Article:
Views of the West
by three women writers


December 21, 2000
Seeley Swan Pathfinder
Seeley Lake, Montana


by Colleen Nicholson,
Seeley Lake, Montana

Three collections of short stories published recently, focus on the West from a woman's point of view: Close Range, Wyoming Stories, by Annie Proulx; Cowboys Are My Weakness, by Pam Houston; and Sister Coyote, by Mary Clearman Blew.

Proulx (rhymes with 'true') has written several novels before this collection of short stories. The Shipping News won the Pulitzer Prize in 1994, and her most recent novel is Accordion Crimes. She is a good story teller, though some may find her imagination too vividly brutal. Two of her short stories is this collection (The Half-Skinned Steer, and The Blood Bay) are based on folk tales that are indeed grim, and she adapts them to her view of harsh Wyoming ranch life. Although she grew up in the East, she now lives near Centennial, Wyoming (population 100) and prefers to fly fish and cross country ski over attending literary events.

In Houston's title story, the narrator complains:" a real cowboy is hard to find these days, even in the West and even though Homer looked like a cowboy, he was just a capitalist with a Texas accent who owned a horse." Homer has other drawbacks too - his excuse for not coming for Thanksgiving dinner is that "it's the height of the rut" (he's a wildlife researcher). Houston was a river and hunting guide in the Rockies for several years, and her first-hand knowledge comes across in several of her stories that deal with white-water rafting and horsemanship.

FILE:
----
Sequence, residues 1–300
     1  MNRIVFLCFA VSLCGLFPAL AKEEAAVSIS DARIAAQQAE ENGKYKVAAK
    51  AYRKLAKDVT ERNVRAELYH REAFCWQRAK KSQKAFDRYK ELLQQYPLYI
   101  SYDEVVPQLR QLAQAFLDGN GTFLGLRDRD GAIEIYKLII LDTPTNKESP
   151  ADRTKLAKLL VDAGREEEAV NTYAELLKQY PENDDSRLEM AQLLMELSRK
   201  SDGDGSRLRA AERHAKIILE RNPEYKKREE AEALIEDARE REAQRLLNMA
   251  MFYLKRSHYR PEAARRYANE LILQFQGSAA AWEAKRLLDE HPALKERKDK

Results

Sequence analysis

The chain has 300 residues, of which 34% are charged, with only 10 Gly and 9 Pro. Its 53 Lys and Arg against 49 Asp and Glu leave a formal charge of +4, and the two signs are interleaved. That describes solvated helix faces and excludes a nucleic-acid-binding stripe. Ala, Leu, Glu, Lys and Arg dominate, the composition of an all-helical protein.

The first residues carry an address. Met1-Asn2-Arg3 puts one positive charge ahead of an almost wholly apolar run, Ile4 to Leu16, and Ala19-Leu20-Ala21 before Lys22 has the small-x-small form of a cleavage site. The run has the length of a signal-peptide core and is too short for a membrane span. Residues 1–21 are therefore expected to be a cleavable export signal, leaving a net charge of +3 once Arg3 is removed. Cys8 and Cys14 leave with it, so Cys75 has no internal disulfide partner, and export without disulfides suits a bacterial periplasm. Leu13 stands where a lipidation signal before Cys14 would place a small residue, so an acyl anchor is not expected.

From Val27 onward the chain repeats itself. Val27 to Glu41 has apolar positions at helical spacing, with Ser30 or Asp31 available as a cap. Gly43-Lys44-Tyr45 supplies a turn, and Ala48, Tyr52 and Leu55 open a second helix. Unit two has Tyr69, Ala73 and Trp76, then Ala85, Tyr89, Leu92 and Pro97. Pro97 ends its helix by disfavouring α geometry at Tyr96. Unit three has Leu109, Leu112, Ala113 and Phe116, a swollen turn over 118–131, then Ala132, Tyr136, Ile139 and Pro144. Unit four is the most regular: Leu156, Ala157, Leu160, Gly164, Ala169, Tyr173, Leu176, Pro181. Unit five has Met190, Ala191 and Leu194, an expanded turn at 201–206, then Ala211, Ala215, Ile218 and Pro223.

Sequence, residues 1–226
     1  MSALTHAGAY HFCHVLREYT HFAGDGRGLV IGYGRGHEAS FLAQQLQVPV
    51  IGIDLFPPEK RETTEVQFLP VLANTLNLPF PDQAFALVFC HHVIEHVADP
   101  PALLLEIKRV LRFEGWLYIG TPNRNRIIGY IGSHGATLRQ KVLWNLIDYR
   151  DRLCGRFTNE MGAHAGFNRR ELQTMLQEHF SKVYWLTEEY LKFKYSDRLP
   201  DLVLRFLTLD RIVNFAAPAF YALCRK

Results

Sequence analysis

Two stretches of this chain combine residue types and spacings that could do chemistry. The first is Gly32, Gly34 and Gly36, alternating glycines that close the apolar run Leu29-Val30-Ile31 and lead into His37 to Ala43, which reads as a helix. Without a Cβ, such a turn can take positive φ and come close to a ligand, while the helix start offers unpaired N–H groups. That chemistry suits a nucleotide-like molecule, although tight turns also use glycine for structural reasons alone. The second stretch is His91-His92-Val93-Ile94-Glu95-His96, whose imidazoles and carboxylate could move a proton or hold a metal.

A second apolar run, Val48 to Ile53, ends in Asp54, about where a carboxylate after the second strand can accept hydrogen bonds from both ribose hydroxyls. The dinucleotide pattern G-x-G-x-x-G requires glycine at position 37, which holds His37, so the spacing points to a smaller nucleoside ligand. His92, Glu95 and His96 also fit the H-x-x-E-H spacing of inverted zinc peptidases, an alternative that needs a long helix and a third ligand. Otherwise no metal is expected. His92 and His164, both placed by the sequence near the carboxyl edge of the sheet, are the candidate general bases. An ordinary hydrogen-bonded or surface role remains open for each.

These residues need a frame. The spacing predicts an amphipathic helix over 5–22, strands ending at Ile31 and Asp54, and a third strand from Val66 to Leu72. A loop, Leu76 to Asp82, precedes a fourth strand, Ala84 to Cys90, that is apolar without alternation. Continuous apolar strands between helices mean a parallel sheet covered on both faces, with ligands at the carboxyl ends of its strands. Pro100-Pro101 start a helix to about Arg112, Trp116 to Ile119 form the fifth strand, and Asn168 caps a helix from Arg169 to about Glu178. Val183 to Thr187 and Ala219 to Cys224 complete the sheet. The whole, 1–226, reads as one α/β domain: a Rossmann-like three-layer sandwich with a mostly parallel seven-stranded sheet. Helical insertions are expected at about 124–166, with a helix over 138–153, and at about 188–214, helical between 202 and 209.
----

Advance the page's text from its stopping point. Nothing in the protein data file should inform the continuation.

Blew subtitles Sister Coyote, as 'Montana Stories'. She grew up in Montana, and her non-fiction book, All But the Waltz, is a memoir of her family, beginning with her great-grandparents' settling along the Judith River in 1882. Blew currently directs a creative writing program at the University of Idaho in Moscow. Varia's Revenge, the last story in Sister Coyote, tells of a sixty year old woman who can still appreciate her somewhat younger male neighbor "who has the eyes and the Levis"; but when a hunter from out-of-state stupidly mistakes her horse for a deer, she reacts with a revenge that startles her.Several of her other stories deal with hunting, from teen-age poachers who hunt for pure fun at night, to a hunter safety class for the new neighbors, who" build cabins from kits on ten-acre plots and hope to keep their kids away from drugs by living in the country."

All of these three women write from personal experiences in the West; and although their view of life on a ranch or in a small town is not at all romanticized, their emotional tie to the land comes through despite the hardships their characters encounter.

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